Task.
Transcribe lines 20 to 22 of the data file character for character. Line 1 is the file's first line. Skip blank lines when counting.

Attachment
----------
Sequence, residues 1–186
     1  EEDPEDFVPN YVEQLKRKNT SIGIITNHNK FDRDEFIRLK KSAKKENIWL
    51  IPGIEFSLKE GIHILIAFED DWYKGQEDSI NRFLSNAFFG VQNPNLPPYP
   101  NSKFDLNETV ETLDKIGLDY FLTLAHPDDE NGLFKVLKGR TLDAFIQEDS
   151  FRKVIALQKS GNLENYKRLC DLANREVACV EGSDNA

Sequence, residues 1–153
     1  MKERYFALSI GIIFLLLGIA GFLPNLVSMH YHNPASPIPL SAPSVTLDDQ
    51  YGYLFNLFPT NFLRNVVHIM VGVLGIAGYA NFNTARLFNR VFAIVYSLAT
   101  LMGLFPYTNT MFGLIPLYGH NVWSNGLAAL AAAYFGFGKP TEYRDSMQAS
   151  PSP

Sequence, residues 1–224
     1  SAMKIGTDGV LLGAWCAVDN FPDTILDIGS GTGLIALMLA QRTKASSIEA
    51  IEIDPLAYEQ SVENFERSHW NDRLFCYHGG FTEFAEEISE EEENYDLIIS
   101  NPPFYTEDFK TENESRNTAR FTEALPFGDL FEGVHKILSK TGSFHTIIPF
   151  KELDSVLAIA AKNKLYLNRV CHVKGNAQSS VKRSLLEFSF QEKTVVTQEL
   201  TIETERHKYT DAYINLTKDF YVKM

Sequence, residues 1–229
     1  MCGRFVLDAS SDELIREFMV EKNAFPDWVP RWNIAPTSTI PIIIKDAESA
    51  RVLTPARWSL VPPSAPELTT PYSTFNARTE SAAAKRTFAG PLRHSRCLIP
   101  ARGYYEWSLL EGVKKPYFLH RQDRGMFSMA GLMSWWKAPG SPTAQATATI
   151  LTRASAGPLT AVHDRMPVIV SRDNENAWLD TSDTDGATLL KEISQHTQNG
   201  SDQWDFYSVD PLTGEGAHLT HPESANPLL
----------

   101  ARGYYEWSLL EGVKKPYFLH RQDRGMFSMA GLMSWWKAPG SPTAQATATI
   151  LTRASAGPLT AVHDRMPVIV SRDNENAWLD TSDTDGATLL KEISQHTQNG
   201  SDQWDFYSVD PLTGEGAHLT HPESANPLL